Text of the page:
Thursday, 17 February 2011

Keeping art alive at Fairlynch

Fairlynch: much more than a museum

It's got a unique collection of costumes going back to the early 1700s, a display of archaeological and geological specimens including some curious radioactive nodules from the local cliffs, and some fascinating archive material giving us an insight into life over the centuries in Budleigh Salterton.

But the thatched cottage orné sitting in a beautiful garden overlooking the town's Fore Street is much more than a museum. Its full name is Fairlynch Museum and Arts Centre, and over the years it has built up a small but select collection of visual art covering several specific areas of local interest.

Overheat by Devon-based artist Simon Ripley

Fairlynch also has its own Education Officer, Amanda Murrell, who works with local schoolchildren on a variety of projects. She recently hosted a total of 51 children and accompanying adults at the museum. Two schools, the Beacon Church of England Primary School in Exmouth and St Peter's Church of England Primary School in Budleigh Salterton have been working in partnership together on an arts project organised by the Devon Arts in Schools Initiative (DAiSI).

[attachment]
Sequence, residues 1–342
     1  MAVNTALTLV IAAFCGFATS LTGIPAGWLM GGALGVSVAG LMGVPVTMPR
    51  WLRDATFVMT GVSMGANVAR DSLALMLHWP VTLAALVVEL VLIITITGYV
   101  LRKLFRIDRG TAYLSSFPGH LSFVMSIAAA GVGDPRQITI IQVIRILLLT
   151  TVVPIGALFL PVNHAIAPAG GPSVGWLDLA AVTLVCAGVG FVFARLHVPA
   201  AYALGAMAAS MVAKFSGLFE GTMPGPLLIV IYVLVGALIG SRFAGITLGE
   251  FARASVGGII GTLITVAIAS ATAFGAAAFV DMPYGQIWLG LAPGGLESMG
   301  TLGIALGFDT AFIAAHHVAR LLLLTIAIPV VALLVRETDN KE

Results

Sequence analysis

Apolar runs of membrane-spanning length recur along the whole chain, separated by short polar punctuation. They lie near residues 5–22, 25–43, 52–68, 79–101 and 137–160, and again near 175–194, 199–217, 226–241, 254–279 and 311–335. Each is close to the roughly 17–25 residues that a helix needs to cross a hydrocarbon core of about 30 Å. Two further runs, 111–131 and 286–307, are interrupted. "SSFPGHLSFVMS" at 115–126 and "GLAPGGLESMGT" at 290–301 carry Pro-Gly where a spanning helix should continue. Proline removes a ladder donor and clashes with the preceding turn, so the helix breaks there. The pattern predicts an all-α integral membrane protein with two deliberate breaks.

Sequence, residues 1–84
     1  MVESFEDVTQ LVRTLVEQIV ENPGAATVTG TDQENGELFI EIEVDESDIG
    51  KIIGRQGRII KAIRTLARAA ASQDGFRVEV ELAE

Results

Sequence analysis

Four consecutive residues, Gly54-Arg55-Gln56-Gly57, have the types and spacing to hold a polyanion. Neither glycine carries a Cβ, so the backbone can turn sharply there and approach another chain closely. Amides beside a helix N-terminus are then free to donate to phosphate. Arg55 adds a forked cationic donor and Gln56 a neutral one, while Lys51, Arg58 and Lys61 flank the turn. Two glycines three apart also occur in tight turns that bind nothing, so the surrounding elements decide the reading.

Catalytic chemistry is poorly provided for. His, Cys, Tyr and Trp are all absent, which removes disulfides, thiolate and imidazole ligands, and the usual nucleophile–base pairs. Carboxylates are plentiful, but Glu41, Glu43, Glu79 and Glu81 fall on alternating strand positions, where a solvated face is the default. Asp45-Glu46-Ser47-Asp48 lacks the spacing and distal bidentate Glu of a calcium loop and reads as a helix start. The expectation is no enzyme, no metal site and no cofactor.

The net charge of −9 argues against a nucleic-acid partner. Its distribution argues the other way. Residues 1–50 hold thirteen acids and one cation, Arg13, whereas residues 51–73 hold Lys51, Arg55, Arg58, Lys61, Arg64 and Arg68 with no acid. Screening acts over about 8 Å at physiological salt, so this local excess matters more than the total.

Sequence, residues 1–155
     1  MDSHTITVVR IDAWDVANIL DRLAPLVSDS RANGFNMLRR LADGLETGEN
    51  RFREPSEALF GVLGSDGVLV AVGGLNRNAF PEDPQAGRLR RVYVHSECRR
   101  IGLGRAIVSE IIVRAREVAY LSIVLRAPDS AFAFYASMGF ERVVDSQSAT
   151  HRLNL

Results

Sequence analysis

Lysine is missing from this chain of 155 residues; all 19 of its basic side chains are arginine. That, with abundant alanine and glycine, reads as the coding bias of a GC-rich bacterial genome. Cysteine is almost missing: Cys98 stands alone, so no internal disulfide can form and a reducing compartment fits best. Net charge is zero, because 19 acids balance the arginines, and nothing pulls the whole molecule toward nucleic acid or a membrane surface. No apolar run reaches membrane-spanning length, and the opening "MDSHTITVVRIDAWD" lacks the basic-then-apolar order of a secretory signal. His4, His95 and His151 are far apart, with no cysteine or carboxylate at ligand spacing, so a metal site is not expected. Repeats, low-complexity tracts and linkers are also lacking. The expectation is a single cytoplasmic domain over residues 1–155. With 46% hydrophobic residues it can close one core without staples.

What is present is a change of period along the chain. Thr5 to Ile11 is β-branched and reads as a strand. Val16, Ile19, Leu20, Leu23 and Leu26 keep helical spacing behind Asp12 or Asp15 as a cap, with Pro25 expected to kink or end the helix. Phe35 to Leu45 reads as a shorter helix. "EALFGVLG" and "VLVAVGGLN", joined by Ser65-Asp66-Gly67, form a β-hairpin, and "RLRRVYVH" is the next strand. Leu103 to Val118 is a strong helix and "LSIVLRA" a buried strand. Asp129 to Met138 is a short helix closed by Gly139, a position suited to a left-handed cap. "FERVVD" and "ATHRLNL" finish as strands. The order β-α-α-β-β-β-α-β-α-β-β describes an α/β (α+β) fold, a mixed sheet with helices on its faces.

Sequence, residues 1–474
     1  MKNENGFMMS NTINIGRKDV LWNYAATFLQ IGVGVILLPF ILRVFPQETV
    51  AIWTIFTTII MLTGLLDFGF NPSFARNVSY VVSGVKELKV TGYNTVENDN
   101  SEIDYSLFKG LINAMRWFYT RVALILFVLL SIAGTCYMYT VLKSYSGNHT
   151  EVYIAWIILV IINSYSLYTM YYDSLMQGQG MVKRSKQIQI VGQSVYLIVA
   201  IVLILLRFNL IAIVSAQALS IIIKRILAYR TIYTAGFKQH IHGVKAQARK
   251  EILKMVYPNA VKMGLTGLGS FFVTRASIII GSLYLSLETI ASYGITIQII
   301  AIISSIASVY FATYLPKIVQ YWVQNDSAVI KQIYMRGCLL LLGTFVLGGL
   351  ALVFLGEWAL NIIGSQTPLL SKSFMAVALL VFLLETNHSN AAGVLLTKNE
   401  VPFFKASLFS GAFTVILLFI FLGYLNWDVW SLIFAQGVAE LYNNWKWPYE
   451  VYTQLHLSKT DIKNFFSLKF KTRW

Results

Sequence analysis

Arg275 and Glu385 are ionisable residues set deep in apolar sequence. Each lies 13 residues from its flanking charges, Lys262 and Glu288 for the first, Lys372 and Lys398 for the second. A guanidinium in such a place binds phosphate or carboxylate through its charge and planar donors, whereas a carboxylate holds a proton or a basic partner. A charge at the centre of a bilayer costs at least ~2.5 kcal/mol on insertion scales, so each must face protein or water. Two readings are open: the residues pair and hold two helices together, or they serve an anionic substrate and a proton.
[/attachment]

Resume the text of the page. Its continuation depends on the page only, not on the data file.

With help from two professional artists, Simon Ripley and Sara Sullivan, the children were aiming to produce work reflecting their local environment and heritage, explains Amanda. "They visited Fairlynch to find out more about Sir Walter Raleigh and the Budleigh cliffs and pebbles."

"I am passionate about teaching. I want to see children grow up with an openness to art and their own creativity,” says Sara, an environmental artist living and working in Devon. She uses both natural and recycled materials for projects in schools all over the county.

Simon Ripley, one of the artists who has been working with local schoolchildren at Fairlynch Museum

Simon Ripley's art education started in London but he qualified in Fine Art Printmaking at Plymouth, and is now based in Exeter. He specialises in making linocut relief monoprints on handmade Japanese paper. Each piece is unique, individually inspired and hand printed by Simon himself.

For more information about Simon Ripley and Sara Sullivan, click on and
For details of the Devon Arts in Schools Initiative see

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